Show starts at 8 p.m. Saturday, Stargazers Theatre & Event Center, 10 S. Parkside Drive, $20 online, $25 plus ticketing fee at the door; 476-2200, stargazerstheatre.com
Mixing country music with folk music and then infusing it with bluesy soul is the concoction produced by 67-year-old Ray Wylie Hubbard daily.
"I'm not part of the mainstream country music scene," Hubbard said. "I like to have those powerful lyrics with blues between the groove with some depth and some weight."
That style won him a spot on Rolling Stone magazine's 100 Greatest Country Songs of All Time with his 1975 hit song, "Redneck Mother," which was 90th on the list.
Hubbard grew up in Oak Cliff in south Dallas and studied English at the University of North Texas. He says his inspiration comes from poets such as Rainer Maria Rilke, Lightnin' Hopkins and Mance Lipscomb.
Songs on his most recent album, "The Grifter's Hymnal," such as "Coricidin Bottle," were written with many of his favorite poets and blues artists in mind, Hubbard said. But when poetry can't spark his imagination, he turns to the hustle and bustle of everyday life.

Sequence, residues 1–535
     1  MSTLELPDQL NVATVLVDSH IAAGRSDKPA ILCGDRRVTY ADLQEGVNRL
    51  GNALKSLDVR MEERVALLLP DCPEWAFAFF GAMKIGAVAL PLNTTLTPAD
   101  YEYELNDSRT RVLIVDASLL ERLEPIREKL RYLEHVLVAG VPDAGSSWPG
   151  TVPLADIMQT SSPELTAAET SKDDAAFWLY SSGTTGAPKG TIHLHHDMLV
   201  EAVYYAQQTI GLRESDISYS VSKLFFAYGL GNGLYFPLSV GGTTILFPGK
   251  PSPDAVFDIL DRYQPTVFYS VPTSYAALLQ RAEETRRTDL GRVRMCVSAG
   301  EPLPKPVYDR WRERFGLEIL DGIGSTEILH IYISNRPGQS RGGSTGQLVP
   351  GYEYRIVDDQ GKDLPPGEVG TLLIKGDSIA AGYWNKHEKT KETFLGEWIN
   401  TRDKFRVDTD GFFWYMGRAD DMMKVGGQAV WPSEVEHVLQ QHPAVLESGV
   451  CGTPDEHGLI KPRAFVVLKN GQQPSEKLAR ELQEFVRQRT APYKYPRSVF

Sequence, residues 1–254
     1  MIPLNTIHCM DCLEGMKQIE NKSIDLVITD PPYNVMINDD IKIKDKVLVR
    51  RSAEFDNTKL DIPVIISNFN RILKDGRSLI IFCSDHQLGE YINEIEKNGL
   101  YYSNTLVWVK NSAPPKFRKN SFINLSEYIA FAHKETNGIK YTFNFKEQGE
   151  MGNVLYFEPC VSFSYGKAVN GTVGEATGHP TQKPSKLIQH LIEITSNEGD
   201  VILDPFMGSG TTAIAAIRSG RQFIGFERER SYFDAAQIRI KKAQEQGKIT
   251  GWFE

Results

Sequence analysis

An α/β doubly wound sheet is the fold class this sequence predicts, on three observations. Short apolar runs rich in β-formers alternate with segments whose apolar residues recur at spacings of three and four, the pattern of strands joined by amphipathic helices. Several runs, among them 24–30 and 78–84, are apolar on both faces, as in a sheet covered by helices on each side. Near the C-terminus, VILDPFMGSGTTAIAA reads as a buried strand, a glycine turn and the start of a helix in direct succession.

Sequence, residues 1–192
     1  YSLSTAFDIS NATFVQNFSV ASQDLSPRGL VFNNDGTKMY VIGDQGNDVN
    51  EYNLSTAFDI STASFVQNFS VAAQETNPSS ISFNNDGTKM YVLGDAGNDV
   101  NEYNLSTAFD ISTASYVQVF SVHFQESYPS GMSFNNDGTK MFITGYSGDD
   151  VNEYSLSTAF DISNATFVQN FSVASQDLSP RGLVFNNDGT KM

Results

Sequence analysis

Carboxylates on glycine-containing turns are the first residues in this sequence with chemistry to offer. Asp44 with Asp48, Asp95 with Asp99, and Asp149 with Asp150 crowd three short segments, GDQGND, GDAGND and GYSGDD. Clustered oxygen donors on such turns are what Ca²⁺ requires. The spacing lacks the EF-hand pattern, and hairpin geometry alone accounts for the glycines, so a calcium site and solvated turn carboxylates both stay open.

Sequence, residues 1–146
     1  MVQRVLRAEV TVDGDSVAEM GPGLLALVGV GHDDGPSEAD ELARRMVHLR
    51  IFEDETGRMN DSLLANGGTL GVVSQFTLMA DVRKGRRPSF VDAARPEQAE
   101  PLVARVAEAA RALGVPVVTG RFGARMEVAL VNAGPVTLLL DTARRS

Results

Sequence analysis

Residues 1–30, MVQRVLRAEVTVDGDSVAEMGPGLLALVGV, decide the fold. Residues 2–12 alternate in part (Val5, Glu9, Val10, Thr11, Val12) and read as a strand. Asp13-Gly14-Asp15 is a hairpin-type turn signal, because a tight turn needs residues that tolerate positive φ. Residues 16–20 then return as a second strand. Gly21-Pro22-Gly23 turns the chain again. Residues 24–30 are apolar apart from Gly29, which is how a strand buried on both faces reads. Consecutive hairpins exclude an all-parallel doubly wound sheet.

"I learned to keep my antenna up and conscious of possible songs at all times," Hubbard said. Since releasing "The Grifter's Hymnal" in 2012, Hubbard has been touring the country. He returns to Stargazers Theatre & Event Center on Saturday; he last performed there in July 2012.
As a musician who actively gets the audience to participate in the show, Hubbard says he was not only impressed by the fans, but also by the venue. "The sound is great, the look is great and Colorado Springs fans are always really nice and really aware of my music," Hubbard said.
Rick Cookson, THE GAZETTE, email@example.com